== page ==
Transcript from Stirred By Words Episode 003: Health
Chrissy Holm (00:05): Do you love words? Are you passionate about diving into meaningful conversations? Hi, welcome to Stirred By Words, a podcast that focuses on words and questions that impact our daily lives. I'm your host, Chrissy Holm, health educator, writer, curious creature, and now podcaster.
Chrissy Holm (00:41):
Today, we'll start with a health tip. This week, it's dancing. According to the Centers for Disease Control and Prevention, aka the CDC, scientists have found that the areas of the brain that control memory and skills, such as planning and organizing, improve with exercise. They say dance has added dimensions of rhythm, balance, music, a social setting, and it can be fun.
Chrissy Holm (01:06):
So how do you get moving? Well, dance to this song here in just a second. But note, if you are driving or unable to get up due to limited mobility, move your shoulders, your hands, or whatever you have available.
Chrissy Holm (02:37):
All right, that was pretty fun. Some other ways to get dancing are to sign up for a dance class like Zumba and invite your friends to join. Find classes at your local community college, YMCA, dance studio. Try dancing at home by following along with a DVD or videos on YouTube. Go back to your listening apparatus and move.
Chrissy Holm (03:10):
Now it's time for today's word. Health. Dictionary.com has a few definitions and here are two. Number one, the general condition of the body or mind with reference to soundness and vigor. For example, good health and poor health. Number two, soundness of body or mind, freedom from disease or ailment. For example, to have one's health or to lose one's health.
Chrissy Holm (03:36):
When I was preparing for this episode, and I wondered what a powerful question I could ask, and I went back and forth on this for a few days, and then it just hit me. When you hear the word health, what do you think of and why is it important? When I hear the word health myself, I think of health as kind of that umbrella term for many things. I think of nutrition, fitness, motivation, sleep, mental health, physical health, community health, and the list goes on and on and on. But to me, health is ongoing and it's a living, breathing thing.
Chrissy Holm (04:08):
Now, why is health important? My degree in public health and experiences in coaching and writing about health tells me that making healthy choices is good for your mind, body, and soul. On the other side of the coin, I'm well aware that not everything can be prevented. There are also the social determinants of health. If you're unfamiliar, the social determinants of health, or SDOH, are the conditions and the environments where people are born, they live, they learn, work, play, worship, and all of those affect a wide range of health. And it could be functioning, equality of life, it can be outcomes, risks, any of those things. For example, safe housing, transportation, neighborhoods, racism, discrimination, violence, education, job opportunities and more. Overall, to me, health is important because it's really part of that human condition. Whether you have it, you don't have it, you want to improve it, or you just don't care, to me, health really spans birth through death.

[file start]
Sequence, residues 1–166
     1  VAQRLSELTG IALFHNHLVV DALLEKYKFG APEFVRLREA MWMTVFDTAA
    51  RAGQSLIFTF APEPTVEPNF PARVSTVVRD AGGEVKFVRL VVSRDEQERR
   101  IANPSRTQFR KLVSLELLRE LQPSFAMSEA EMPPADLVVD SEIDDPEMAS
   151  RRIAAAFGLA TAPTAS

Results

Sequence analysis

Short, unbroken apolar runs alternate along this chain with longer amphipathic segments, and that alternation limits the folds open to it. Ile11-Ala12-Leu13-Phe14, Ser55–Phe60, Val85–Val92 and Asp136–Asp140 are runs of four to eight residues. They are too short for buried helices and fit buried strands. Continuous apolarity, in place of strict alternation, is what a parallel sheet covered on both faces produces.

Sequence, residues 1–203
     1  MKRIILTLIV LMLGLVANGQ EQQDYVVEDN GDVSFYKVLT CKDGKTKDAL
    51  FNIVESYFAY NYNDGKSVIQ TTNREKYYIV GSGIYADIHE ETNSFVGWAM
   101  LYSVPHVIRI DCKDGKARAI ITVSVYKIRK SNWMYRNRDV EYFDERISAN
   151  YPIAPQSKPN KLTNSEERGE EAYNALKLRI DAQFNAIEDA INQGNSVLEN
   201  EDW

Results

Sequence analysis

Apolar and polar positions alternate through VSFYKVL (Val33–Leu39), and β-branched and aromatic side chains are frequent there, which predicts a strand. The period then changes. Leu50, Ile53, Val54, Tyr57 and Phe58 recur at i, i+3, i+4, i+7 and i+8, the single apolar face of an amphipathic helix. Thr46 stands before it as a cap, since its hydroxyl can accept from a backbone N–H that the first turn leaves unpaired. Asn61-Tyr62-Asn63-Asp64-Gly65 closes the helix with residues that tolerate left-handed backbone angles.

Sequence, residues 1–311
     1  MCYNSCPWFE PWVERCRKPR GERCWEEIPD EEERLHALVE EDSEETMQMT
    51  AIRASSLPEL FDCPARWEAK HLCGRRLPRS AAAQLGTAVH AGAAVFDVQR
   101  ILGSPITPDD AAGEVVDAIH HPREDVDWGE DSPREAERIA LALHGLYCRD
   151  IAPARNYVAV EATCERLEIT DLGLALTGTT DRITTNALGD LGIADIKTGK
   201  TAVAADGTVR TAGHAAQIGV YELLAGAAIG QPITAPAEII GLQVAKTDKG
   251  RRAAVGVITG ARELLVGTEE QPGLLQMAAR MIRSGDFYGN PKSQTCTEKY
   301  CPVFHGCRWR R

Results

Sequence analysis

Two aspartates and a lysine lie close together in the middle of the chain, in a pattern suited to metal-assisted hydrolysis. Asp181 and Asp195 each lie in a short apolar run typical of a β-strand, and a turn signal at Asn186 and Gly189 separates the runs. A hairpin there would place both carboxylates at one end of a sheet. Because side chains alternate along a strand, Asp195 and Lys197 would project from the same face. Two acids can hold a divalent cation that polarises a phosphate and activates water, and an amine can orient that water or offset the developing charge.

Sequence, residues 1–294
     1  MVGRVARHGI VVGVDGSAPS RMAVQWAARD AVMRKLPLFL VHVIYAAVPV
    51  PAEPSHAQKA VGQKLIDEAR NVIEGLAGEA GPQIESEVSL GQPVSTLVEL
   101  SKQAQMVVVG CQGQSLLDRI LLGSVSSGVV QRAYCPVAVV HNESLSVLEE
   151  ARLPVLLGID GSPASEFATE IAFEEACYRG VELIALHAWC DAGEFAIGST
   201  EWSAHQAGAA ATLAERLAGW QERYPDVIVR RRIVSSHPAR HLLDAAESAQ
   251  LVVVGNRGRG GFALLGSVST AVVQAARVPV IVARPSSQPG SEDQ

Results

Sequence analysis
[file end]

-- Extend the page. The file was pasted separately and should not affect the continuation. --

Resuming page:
Chrissy Holm (05:12):
Next, we'll hear from Martina Clark, author of My Unexpected Life: An International Memoir of Two Pandemics, HIV, and COVID-19. Martina wrote in this, "When I hear the word health, I think of something that other people have. I tested positive for HIV 30 years ago, before viable treatment was available. And I believed my good health was automatically stripped away. The irony is that for the first 15 years of the diagnosis, almost nothing could be attributed directly to having HIV because I remained healthy. Perhaps I had a worse bout of something here or there, but nothing was really HIV-related. My body was still functioning as it was meant to and without medications, until it wasn't. And even then when I did fall ill, my body responded well to the medications and I bounced back quickly.
Chrissy Holm (06:08):
Indeed, I had COVID-19 in spring 2020, because I'm a virus overachiever and that's caused more problems in a short period of time than HIV ever did. And of course, I'm almost 58, an age I never thought I'd live to see. So I'm dealing with aging, and HIV still isn't my biggest problem. Intellectually, I know this sounds unreasonable, but emotionally it's hard to shake the notion that good health is not mine to be had. So I guess, for me, the take-home message is that the power of words and the lasting impact of a diagnosis can be nearly damaging as the illness itself, albeit in different ways. Words matter."
Chrissy Holm (06:53):
Next we'll hear from Genesis, joyful growth mindset coach, digital creator, and wellness instructor.
When I think of the word health, I think of so many things. It goes beyond eating an apple a day, or staying hydrated, or exercising. Total and complete health encompasses mind, body, and soul. How are your relationships around you? How is, most importantly, the relationships with yourself? Are you living a life that is true to you that you feel you can bloom and be authentically yourself and are able to bring joy and service to others? Are you able to be courageous enough to see that any bumps in the road are minor and that you've overcome them and you can do it again?